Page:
Abstract 15845: Assessment of Myocardial Ischemic Memory Using 3-Dimensional Speckle Tracking Echocardiography
Background: Post-systolic shortening (PSS), which is defined as myocardial contraction after aortic valve closure (AVC), is a sensitive marker of ischemia and remains even after restoration of perfusion (myocardial ischemic memory). The newly developed 3-dimensional (3D) speckle tracking imaging allows to quantitatively analyze regional wall motion of the entire left ventricle and is useful for the diagnosis of ischemic heart disease. However, because the frame rate (FR) of 3D imaging is lower than the 2-dimensional method, it is unknown whether assessment of ischemic memory using persistence of PSS is possible.
Methods: The left circumflex coronary artery was occluded for 2 minutes followed by 60-minute reperfusion in 9 dogs. Three-dimensional images were acquired at baseline, during occlusion and after reperfusion at 3 different FR settings (21.5, 38.2, 48.2 frames/s) using Vivid E9 (GE). Radial, circumferential, longitudinal, and area strain were calculated in the risk and normal areas. With each direction, peak systolic strain (εsys) and post-systolic index (PSI) as a parameter of PSS were measured.
Results: In the risk area, εsys decreased during occlusion but recovered immediately after reperfusion regardless of FR. With the highest FR 48.2 frames/s, PSS was clearly observed in the risk area during occlusion and PSI increased compared to that at baseline. The increase of PSI significantly persisted even 20 minutes after reperfusion (baseline vs. 20-minute after reperfusion: area strain; 0.02±0.03 vs. 0.07±0.09, circumferential strain; 0.02±0.04 vs. 0.12±0.12, p<0.05). In longitudinal and radial strain, the increase of PSI also tended to persist after reperfusion. With 21.5 and 38.2 frames/s, PSI increased during occlusion; however, it was difficult to detect the residual PSS 20 minutes after reperfusion in all directions (Figure).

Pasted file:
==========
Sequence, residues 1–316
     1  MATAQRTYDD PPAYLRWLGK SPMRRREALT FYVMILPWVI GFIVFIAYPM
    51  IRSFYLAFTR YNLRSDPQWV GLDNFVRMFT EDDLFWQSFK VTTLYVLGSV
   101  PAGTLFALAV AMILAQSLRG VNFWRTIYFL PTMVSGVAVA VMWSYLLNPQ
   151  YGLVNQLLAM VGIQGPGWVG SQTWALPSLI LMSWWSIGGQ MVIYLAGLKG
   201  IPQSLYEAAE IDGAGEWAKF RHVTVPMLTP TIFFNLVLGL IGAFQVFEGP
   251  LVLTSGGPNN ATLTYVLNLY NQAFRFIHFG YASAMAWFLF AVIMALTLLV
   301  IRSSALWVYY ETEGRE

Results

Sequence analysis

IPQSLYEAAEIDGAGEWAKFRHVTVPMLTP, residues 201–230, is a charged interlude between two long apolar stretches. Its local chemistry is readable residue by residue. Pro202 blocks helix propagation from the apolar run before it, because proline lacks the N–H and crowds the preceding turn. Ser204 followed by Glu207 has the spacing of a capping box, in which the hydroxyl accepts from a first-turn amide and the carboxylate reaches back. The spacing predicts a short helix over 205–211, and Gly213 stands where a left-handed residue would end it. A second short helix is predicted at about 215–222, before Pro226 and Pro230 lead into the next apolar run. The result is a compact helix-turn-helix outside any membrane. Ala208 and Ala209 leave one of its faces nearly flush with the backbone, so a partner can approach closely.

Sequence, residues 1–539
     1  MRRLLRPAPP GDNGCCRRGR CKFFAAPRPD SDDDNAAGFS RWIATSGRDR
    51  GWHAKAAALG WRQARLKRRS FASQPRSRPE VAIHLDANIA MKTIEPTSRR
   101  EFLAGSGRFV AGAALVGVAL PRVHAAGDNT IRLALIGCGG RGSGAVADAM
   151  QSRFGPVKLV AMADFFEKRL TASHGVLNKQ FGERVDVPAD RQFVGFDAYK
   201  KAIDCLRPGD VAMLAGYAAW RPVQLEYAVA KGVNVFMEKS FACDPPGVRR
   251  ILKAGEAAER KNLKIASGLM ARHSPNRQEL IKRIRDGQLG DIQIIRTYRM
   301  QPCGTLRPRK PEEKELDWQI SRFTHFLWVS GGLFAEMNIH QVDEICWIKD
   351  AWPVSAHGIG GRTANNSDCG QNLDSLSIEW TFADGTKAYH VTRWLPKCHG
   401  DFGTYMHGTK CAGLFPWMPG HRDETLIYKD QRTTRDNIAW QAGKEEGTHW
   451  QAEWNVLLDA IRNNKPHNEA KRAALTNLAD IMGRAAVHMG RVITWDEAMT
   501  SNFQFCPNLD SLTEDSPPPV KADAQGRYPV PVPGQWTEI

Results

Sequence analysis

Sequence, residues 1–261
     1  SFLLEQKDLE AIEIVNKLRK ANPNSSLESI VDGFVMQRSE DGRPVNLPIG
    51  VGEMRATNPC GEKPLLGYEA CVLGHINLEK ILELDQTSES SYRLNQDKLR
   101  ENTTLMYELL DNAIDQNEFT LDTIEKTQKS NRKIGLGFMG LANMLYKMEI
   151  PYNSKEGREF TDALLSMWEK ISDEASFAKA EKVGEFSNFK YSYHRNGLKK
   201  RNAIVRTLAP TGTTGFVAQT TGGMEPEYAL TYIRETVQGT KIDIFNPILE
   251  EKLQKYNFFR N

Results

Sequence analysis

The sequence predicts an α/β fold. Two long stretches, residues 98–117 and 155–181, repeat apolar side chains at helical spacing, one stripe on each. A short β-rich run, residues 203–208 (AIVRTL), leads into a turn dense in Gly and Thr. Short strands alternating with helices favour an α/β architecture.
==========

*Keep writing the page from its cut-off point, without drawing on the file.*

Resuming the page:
Conclusion: 3D speckle tracking echocardiography can assess ischemic memory using high FR.
- © 2012 by American Heart Association, Inc.